Ata Kak quickly became a cult classic amongst DJs and underground tastemakers.
The Ghanaian musician, whose real name is Yaw Atta-Owusu, had recorded Obaa Sima in 1994 in Toronto before returning to Ghana in 2006.
Atta moved to Toronto in 1989 where he was invited to play in a highlife band. Although highlife had been the dominant musical genre in Ghana during his youth, he hadn’t actually played it. Unhappy at first—he preferred reggae—he picked up highlife quickly. He played drums for the band Marijata (not related to the other Marijata from 1970s Ghana), which rehearsed in a basement on the edge of town. They played shows around Canada and released three albums. The group featured Agyemang Opambuor (vocals and lead guitar), Marshal [Atta can’t recall his last name] (keyboard) and Anthony Frimpong (bass). His highlife influences spanned the classics—C.K. Mann, Nana Ampadu—but he also had James Brown, Elvis Presley and the Bee Gees on his mind in his approach to Ghanaian pop music. All the while, Atta taught music lessons at church and worked primarily as chief cook at a condiments factory in Bolton, Ontario.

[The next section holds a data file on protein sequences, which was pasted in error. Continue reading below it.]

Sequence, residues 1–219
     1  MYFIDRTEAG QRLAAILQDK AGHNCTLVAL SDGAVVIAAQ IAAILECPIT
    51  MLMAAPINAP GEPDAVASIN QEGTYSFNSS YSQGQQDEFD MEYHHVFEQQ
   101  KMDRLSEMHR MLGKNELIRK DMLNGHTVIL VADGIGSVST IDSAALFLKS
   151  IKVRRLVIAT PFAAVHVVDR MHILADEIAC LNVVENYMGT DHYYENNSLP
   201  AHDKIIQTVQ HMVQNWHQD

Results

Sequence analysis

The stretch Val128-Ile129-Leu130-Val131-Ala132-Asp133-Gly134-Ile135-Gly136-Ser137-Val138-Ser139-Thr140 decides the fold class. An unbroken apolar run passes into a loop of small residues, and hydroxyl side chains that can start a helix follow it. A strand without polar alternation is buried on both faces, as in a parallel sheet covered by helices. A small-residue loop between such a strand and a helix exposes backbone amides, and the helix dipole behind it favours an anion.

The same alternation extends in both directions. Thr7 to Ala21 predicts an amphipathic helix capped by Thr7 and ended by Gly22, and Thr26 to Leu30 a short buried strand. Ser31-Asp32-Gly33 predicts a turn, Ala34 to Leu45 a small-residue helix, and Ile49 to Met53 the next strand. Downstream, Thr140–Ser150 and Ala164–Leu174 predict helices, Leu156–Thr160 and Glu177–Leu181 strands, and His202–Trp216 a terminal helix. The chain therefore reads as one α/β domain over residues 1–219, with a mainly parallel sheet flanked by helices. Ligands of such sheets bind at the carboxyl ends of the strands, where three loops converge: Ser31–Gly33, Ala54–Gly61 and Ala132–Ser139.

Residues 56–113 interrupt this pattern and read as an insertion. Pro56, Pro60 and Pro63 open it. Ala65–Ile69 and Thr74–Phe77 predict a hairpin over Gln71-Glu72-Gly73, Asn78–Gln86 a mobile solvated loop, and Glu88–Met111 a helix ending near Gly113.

Around December 1991, Atta decided to record his own songs. But he felt his bandmates could not (or would not) perform the new style he envisioned. Lacking the cash for studio time, he cobbled together his own using mostly second-hand equipment: a computer with Atari Notator software; a new synthesizer with built-in drum sounds; a reel-to-reel recorder; a 12-channel mixer. It took a long time to gather equipment, learn how to use it and finally record the new songs that Atta had found so easy to write.